NYC Mayor Says Aware Of Protests By Hasidim In BP, “There’ll Be Consequences”

Orthodox Jews in Brooklyn protest lockdowns. (Vosizneias).

A New York City neighborhood erupted in protests after Gov. Andrew Cuomo moved to reinstate restrictions on houses of worship, schools and businesses in areas where coronavirus cases are spiking.

Videos of Tuesday night’s protest on social media show hundreds of Orthodox Jewish men gathered in the streets of Borough Park, a neighborhood in Brooklyn, in some cases setting bonfires by burning masks. Video posted on social media shows a crowd swarming and knocking down a man holding a camera. Police said there were no arrests.

Mayor Bill de Blasio said Wednesday he was aware of the protests but cautioned that the city is “dealing with a health emergency,” telling New Yorkers to act accordingly.

“Even folks who disagree with these new rules to get us out of this crisis: Respect the laws, respect the instructions of the NYPD,” the Democrat said, adding that “there’ll be consequences” if people don’t.

“This is a very, very sensitive moment for the future of all of New York City,” he said. “We have to stop this problem from growing.”

The new rules announced by Democratic Gov. Andrew Cuomo on Tuesday will affect parts of Brooklyn and Queens in New York City, sections of Orange and Rockland counties in the Hudson Valley and an area within Binghamton in the Southern Tier. The restrictions are set to take effect by Friday.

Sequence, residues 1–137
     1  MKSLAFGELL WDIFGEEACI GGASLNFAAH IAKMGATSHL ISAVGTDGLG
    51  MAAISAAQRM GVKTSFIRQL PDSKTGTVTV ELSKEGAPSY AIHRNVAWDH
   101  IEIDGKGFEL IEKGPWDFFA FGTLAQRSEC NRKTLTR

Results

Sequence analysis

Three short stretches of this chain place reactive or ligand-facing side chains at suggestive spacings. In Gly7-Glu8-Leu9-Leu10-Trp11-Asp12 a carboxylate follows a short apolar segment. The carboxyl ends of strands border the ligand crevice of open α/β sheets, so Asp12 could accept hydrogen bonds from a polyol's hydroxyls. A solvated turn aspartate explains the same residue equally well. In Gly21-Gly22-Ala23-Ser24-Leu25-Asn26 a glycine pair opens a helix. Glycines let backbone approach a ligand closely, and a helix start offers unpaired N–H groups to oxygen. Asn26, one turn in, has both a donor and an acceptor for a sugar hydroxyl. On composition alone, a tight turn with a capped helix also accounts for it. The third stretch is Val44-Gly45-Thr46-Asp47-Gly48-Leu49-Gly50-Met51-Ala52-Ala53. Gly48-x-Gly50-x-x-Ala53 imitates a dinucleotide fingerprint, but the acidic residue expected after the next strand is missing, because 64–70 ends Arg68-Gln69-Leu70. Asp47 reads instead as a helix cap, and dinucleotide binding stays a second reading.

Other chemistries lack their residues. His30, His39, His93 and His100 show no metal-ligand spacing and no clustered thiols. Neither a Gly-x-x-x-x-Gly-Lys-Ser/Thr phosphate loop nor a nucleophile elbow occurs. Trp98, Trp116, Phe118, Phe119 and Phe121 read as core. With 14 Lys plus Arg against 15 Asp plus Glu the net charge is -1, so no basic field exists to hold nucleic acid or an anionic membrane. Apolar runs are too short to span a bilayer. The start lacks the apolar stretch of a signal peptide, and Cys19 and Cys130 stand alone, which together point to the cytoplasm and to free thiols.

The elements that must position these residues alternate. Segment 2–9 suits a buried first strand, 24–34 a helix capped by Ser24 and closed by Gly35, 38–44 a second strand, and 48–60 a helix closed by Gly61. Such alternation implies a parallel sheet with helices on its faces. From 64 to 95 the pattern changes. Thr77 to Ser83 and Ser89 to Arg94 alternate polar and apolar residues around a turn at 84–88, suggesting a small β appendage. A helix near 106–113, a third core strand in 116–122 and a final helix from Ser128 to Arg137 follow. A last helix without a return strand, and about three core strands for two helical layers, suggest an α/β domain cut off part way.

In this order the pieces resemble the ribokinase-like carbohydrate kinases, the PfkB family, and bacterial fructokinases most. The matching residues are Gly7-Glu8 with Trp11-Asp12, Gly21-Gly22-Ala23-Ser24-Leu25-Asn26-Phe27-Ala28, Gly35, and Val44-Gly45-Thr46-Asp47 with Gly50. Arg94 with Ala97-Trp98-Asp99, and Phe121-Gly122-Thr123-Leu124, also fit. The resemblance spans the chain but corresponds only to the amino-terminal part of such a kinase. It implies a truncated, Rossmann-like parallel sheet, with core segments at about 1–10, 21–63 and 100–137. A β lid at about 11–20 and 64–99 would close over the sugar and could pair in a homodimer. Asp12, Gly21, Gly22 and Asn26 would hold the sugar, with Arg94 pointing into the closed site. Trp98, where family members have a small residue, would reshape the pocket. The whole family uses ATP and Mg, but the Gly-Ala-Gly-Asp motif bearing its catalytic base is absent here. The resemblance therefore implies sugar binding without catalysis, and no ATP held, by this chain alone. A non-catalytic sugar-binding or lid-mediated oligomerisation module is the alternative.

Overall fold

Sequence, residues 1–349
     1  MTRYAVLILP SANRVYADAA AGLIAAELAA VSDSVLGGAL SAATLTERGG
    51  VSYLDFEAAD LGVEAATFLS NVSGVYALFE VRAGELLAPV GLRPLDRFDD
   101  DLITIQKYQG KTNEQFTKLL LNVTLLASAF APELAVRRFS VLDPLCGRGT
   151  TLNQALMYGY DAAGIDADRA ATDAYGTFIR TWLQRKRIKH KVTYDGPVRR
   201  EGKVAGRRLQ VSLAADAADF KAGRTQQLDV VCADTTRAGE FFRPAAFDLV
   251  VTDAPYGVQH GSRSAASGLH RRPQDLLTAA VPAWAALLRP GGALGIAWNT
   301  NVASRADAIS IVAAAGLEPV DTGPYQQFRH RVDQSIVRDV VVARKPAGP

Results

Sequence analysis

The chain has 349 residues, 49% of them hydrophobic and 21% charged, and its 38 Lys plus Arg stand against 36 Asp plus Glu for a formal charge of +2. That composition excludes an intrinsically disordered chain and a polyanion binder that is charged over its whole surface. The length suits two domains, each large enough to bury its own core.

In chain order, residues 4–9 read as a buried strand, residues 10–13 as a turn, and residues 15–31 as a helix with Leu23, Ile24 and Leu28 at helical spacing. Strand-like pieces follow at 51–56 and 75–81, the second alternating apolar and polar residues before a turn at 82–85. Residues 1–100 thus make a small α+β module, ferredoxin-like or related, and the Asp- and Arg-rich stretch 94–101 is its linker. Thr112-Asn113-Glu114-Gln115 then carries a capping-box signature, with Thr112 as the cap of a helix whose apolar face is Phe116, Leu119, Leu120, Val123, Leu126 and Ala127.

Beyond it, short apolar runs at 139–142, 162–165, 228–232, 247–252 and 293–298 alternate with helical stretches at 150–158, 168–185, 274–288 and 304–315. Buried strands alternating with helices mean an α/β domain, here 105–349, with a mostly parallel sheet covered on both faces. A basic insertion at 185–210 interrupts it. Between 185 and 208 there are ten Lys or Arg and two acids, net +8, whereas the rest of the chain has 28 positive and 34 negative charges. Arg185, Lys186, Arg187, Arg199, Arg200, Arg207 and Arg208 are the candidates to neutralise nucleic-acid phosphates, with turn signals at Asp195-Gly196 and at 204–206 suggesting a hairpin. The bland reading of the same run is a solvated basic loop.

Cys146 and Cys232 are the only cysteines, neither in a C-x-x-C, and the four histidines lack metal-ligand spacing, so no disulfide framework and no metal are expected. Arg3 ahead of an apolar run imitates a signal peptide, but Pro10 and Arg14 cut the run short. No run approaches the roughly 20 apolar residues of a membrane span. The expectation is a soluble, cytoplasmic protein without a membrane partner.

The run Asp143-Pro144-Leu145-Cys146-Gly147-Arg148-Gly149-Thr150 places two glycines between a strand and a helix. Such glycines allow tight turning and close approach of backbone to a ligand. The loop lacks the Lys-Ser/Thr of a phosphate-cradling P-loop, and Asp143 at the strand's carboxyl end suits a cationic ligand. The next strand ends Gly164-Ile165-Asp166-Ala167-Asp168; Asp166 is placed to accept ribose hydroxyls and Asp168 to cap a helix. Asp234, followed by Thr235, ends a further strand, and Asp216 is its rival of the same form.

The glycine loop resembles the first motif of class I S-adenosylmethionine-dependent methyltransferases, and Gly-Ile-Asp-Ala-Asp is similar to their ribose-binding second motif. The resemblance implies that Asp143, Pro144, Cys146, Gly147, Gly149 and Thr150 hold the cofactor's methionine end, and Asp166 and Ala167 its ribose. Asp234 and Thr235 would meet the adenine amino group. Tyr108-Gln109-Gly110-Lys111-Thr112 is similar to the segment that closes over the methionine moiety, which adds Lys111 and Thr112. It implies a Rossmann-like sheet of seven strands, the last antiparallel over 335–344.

Most of the New York City and Hudson Valley neighborhoods are home to large enclaves of Orthodox Jews, and community leaders have complained of being singled out for enforcement.

Four elected officials who represent Orthodox neighborhoods in New York City complained Tuesday that they had been left out of the decision-making process.

“Though we are the representatives of ‘hotspot’ neighborhoods, we have been disincluded from conversations with the governor and his leadership team as they made devastating decisions affecting the people we serve,” state Sen. Simcha Felder, Assembly member Simcha Eichenstein and City Council members Chaim Deutsch and Kalman Yeger said in a statement.

Under Cuomo’s rules, only 10 people at a time will be allowed to gather in churches and synagogues in the hearts of the virus hot spots.

The state already faced a lawsuit earlier this year from religious observers who questioned why peaceful mass protests were allowed while religious groups once faced stricter gathering limits than businesses.

Under a federal court ruling that the state is fighting, unlimited outdoor religious gatherings with social distancing are currently allowed in the state. That ruling also means both religious groups and businesses currently face a 50% indoor capacity limit, though New York City restaurants are limited to 25% capacity indoors.

The leader of the Roman Catholic Diocese of Brooklyn said the governor’s new order would unjustly hamper the diocese’s ability to serve parishioners.

“Catholic Churches in Brooklyn and Queens have not had any COVID outbreaks or significant cases since re-opening on July 5th to 25% capacity. We fervently object to being told to further reduce capacity, because we have strictly adhered to COVID-19 protocols, and the safety measures have been working,” Bishop Nicholas DiMarzio said.

The new restrictions came a day after Cuomo ordered the closing of schools in nine Brooklyn and Queens ZIP codes that have accounted for more than 25% of all new infections in the city over the past two weeks while representing just 7% of the population. Schools began closing Tuesday.


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